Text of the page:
Lawrence W. McBride (1945-2004)

Frederick Drake and Richard Soderlund, November 2004

Lawrence W. McBride died in Normal, Illinois, at the age of 58 on May 3, 2004. A well-known historian of modern Ireland, he was also widely considered to be one of the nation"s leading authorities on history education. He taught at Illinois State University from 1986 until his death.

McBride was born in Atlanta, Georgia, on August 8, 1945, but grew up in Chicago. He received his BS and MA from Chicago State University. After teaching briefly in a junior high school, he resumed his studies and obtained a PhD from the University of Chicago in 1978, where he studied with Professors Emmet Larkin, William H. McNeill, and Mark Kishlansky. McBride"s dissertation provided the basis for his first book, The Greening of Dublin Castle: The Transformation of Administrative and Judicial Personnel in Ireland, 1892–1922 (Washington, D.C., 1991). He demonstrated that well before the establishment of the Irish Free State, Irish Catholics had assumed key positions in the Irish government. An exacting work of administrative history, the book also advanced a challenging rethinking about the process by which the Irish gained independence and the origins of the Irish state.

After he obtained his PhD, McBride taught at Chicago State, the University of Illinois at Chicago, and Northern Illinois University and also worked at the Newberry Library as the program director of the Chicago Metro History Fair and as the curriculum specialist on the Chicago Neighborhood History Project. Along with friend and mentor Gerald A. Danzer of the University of Illinois at Chicago, McBride received in 1987 the James Harvey Robinson Prize from the American Historical Association for his work, People, Space, and Time: The Chicago Neighborhood History Project, An Introduction to Community Studies for Schools (1986). McBride also wrote or was the co-author of almost 20 articles on history and social science education, including two pieces with his close friend and colleague, Frederick Drake, in The History Teacher: "Reinvigorating the Teaching of History through Alternative Assessment" (1997) and "The Summative Teaching Portfolio and the Reflective Practitioner of History" (2000). He also published a variety of curricular materials. He was especially proud of his Chicago, 1919! (1998), for which he was presented the Best CD Award by the American Association for History and Computing.

Under McBride"s leadership the History/Social Science Education program at Illinois State grew from approximately 60 majors in 1986 to around 450 today. He pioneered the use of professional development schools to train prospective teachers. The September 1999 issue of Perspectives singled out McBride"s leadership in history education: "The program at Illinois State University is especially impressive in its variety of activities and depth of involvement with the schools." Today, the department has ties to 10 high schools in Chicago, the suburbs, and central Illinois.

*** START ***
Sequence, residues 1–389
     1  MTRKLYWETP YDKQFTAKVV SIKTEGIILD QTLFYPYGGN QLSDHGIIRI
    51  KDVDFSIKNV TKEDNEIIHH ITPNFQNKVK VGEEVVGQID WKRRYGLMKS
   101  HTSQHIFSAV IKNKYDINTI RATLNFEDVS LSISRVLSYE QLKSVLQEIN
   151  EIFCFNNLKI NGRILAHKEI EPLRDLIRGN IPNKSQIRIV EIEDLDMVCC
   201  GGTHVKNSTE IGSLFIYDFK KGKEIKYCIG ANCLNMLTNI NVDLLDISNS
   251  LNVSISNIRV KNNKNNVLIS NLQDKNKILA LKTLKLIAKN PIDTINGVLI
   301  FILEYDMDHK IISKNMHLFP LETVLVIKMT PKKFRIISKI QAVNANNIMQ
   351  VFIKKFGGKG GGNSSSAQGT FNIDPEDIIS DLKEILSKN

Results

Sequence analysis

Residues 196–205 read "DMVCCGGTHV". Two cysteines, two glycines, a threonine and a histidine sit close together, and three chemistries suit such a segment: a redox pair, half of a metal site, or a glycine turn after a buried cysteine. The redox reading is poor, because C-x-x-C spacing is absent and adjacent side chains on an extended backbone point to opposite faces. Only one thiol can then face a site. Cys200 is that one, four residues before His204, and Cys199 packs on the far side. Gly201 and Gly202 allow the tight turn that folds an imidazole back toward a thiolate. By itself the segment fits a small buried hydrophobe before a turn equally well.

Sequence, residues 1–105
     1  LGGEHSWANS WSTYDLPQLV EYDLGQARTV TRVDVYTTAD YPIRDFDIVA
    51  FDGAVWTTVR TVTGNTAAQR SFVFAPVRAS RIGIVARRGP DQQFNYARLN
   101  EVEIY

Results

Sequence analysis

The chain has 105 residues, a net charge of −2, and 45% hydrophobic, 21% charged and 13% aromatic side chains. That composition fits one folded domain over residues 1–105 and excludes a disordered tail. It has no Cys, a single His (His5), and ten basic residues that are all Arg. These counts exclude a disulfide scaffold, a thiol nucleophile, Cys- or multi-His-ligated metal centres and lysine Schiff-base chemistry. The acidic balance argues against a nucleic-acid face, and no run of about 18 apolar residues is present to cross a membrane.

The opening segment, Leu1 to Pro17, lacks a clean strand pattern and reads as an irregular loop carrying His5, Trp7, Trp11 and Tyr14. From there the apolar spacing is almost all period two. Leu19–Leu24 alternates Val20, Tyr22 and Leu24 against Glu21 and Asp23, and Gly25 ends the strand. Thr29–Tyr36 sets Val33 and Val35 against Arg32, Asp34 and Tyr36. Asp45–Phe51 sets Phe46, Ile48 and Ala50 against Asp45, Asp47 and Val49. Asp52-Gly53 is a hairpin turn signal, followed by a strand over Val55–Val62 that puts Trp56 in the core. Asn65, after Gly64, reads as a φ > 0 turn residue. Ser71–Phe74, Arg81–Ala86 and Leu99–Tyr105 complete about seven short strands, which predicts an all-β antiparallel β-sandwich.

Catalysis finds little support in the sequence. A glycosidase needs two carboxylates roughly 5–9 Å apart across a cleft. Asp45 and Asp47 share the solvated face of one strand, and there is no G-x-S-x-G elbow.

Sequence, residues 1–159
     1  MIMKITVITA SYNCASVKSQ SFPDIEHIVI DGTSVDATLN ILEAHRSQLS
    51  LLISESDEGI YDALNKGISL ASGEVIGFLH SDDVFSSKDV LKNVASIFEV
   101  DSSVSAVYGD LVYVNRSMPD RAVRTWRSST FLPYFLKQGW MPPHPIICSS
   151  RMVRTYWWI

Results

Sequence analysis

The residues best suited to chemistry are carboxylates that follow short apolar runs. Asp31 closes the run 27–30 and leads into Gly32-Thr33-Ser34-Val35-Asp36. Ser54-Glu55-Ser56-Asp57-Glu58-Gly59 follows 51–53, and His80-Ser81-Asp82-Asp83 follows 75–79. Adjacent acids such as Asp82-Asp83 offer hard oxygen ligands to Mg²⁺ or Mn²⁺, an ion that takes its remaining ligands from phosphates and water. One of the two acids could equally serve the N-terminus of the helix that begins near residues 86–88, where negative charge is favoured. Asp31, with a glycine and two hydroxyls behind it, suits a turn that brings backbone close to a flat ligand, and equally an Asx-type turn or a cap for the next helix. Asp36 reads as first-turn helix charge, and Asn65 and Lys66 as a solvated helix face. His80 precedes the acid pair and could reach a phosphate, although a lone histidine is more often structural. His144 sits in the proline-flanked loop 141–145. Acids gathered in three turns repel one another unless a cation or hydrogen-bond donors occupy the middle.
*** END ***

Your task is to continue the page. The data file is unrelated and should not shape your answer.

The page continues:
McBride moved to a broader university leadership role when the College of Arts and Sciences asked him to work with the College of Education to manage as campus coordinator from 1998 to 2003 the Illinois Professional Learner"s Partnership project, a $12 million grant from the United States Department of Education. He and Drake were instrumental in securing for the history department and the partnership schools in 2001, a three-year, nearly $1 million "Teaching American History" grant. McBride served as executive director of the Illinois Council for the Social Studies from 1988 to 1995.

During the 1990s McBride combined his love of Irish history with his expertise in history education and began to explore how the Irish learned their history. He was particularly interested in how interpretations of the Irish past&#151transmitted through various cultural media&#151were critical in forging modern Irish nationalist politics and identity. He wrote a series of articles that examined how prominent late-19th-century Irish illustrators and authors of historical fiction constructed popular perceptions of the Irish nation and its past. He edited two books that explored these and related themes: Images, Icons and the Irish Nationalist Imagination (Dublin, 2002) and Reading Irish Histories: Texts, Contexts and Memory in Modern Ireland (Dublin, 2003). He took particular pride in editing the correspondence among his maternal relatives: The Reynolds Letters: An Irish Emigrant Family in Late-Victorian Manchester (Cork, 1999). He traveled frequently to Ireland and forged a network of trans-Atlantic friendships with Irish historians and educators. His final illness prevented him from completing a book on the formation of Irish national identity.

His colleagues within and outside Illinois State, friends, and students are establishing the Lawrence W. McBride Scholarship Fund in memory of his achievements as a historian and educator. He is survived by his wife, Sandra; his father, Lawrence; and two children, Lawrence B. McBride and Brigid R. McBride.

—Frederick Drake
—Richard Soderlund
Illinois State University